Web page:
African Trypanosomiasis, better known as Sleeping Sickness, is an infection transmitted to humans by insects. The most serious problems with Sleeping Sickness have been found in Sub-Saharan Africa. The infection can be cured with medical treatment, but failure to seek medial help can lead to fatalities. Around ten thousand new cases are reported each year, but some go undiagnosed. Most cases outside of Africa are seen in people who have travelled to the country and been bitten whilst there.
Sleeping Sickness is transmitted by the Tsetse fly, and this species is only found in the rural parts of Africa. Once bitten by the fly, the infection travels through the blood, leaving a red and painful swelling at the bite spot. The infection can spread to the nervous system and, when this occurs, cause the classic symptoms of Sleeping Sickness.
Symptoms of Sleeping Sickness can include the following and come in two clearly defined versions of the infection.
East African sleeping sickness (T. b. rhodesiense) infection: -
During the first two weeks after infection - Red swollen and sore bite spot which may become ulcerated, headache, muscle and joint pain, rash, fever, swollen lymph nodes'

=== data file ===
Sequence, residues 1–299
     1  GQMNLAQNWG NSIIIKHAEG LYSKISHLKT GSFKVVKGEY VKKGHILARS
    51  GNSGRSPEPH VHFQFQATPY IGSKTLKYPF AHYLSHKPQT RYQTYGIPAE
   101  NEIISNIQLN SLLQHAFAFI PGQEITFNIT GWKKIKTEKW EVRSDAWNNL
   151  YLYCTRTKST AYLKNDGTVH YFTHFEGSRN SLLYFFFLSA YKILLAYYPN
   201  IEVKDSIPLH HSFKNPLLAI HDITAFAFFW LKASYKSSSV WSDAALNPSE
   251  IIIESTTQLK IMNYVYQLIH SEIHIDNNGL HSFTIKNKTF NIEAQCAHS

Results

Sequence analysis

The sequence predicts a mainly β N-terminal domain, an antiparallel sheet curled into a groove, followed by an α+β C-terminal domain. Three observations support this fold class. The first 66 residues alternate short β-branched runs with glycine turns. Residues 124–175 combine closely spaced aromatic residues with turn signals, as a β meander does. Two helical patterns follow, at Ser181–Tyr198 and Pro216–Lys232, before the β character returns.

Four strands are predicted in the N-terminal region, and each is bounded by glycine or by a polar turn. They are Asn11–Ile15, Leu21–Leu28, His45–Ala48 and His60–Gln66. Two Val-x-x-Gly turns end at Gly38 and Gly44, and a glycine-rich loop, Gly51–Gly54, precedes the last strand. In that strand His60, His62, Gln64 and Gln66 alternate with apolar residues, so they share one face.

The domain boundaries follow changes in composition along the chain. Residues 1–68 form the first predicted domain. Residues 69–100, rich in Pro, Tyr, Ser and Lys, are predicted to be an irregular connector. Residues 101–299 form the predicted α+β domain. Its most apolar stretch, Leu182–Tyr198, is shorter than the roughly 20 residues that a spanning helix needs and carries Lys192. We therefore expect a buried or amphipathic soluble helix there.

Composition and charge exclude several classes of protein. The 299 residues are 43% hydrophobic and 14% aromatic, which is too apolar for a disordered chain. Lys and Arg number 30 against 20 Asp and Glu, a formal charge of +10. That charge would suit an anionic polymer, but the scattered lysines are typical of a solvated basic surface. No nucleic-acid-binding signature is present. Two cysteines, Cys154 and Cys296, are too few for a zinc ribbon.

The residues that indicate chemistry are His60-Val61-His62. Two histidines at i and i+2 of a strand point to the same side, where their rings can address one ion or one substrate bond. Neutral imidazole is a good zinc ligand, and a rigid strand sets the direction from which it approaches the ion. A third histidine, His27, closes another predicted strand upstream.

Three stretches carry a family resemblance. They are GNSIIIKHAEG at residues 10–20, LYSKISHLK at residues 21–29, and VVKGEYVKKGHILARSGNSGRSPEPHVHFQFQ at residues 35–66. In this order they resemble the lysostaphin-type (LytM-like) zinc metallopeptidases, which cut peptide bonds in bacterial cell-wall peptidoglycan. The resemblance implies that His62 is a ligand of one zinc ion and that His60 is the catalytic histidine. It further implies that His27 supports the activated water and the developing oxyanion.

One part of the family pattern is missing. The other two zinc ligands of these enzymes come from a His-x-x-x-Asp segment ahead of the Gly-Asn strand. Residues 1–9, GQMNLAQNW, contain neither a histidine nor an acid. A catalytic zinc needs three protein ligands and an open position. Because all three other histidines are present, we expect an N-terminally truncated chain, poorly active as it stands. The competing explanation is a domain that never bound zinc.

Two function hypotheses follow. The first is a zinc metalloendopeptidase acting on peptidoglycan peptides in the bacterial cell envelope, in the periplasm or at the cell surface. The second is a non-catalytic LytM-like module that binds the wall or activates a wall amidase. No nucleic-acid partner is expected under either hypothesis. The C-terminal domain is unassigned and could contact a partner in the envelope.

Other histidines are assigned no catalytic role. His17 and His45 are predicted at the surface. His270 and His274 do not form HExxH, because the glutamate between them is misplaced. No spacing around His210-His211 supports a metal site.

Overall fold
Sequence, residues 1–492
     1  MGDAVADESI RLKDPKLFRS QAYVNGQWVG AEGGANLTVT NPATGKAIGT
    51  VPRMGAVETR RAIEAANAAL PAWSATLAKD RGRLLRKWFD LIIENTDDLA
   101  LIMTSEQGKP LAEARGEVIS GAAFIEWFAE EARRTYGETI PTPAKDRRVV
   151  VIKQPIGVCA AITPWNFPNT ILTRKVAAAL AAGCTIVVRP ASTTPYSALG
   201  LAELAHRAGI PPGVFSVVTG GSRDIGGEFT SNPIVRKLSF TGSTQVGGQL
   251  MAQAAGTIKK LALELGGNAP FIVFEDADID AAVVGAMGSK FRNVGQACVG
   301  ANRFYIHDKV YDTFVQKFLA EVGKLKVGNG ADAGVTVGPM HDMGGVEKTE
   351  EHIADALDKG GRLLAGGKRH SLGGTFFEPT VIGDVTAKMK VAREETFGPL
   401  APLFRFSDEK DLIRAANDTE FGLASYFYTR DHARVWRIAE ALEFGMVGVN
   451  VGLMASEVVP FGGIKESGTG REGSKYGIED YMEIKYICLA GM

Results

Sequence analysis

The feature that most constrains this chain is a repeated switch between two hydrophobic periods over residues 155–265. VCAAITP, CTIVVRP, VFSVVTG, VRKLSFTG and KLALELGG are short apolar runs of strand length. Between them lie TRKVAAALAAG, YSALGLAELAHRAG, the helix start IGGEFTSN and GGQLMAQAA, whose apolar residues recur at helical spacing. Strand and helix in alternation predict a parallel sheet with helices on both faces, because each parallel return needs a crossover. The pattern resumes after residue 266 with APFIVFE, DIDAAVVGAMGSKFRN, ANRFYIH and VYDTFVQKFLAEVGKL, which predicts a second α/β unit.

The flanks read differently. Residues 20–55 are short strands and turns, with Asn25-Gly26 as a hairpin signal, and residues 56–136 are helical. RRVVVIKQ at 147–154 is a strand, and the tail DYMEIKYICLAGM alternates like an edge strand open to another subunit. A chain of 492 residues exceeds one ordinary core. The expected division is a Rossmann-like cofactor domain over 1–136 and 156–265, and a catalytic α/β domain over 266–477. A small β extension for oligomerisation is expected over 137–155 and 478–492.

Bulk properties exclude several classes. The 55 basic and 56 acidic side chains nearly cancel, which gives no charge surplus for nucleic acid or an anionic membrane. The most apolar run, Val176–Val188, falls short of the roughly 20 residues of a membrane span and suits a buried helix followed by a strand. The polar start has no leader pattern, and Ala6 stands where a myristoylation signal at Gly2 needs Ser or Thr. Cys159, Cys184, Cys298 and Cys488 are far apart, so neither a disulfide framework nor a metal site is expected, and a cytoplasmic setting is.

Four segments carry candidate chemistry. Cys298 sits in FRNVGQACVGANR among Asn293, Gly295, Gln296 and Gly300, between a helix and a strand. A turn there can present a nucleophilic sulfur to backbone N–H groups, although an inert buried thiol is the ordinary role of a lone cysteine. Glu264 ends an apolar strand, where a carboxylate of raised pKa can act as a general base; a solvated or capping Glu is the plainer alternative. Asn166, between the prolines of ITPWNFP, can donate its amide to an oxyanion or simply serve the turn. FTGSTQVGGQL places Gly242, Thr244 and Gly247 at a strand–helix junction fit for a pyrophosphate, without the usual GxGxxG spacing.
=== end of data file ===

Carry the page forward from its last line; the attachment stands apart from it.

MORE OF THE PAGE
After the two week period – Increasing neurological problems including headaches, confusion, slurring of speech, mood swings and personality changes, seizures, problems with walking. The classic symptoms of drowsiness and great fatigue will also begin to develop. If untreated this stage can lead to coma and eventual death, likely at around two months post-infection.
West African sleeping sickness (T. b. gambiense) infection: -
The difference between the two versions of sleeping sickness is in the length of time it takes to experience symptoms. West African sleeping sickness is much slower in progression. Initial symptoms may be similar, but less pronounced. There may be an occasional headache, a little soreness in the muscles and joints, slight fevers, sleepiness and, conversely, insomnia, the skin can itch and there may also be evidence of weight loss.
It can take as long as two years for major symptoms to develop. There will be increasing lack of neurological function. Balance, speech and sleep problems are common. There may also be hormone imbalances and paralysis could become a factor. This infection can take up to seven years to become fatal, if left untreated, but the infected person is more likely to die within three years.
African Sleeping Sickness responds well to treatment and it is advisable to seek medical health if there is any suspicion that the infection may be present. Treatment is usually in the form of drugs such as Eflornithine (WA sickness only) or Pentamidine. Patients are required to have cerebrospinal fluid tests for at least two years after the infection is cleared. This is to detect any possible relapse.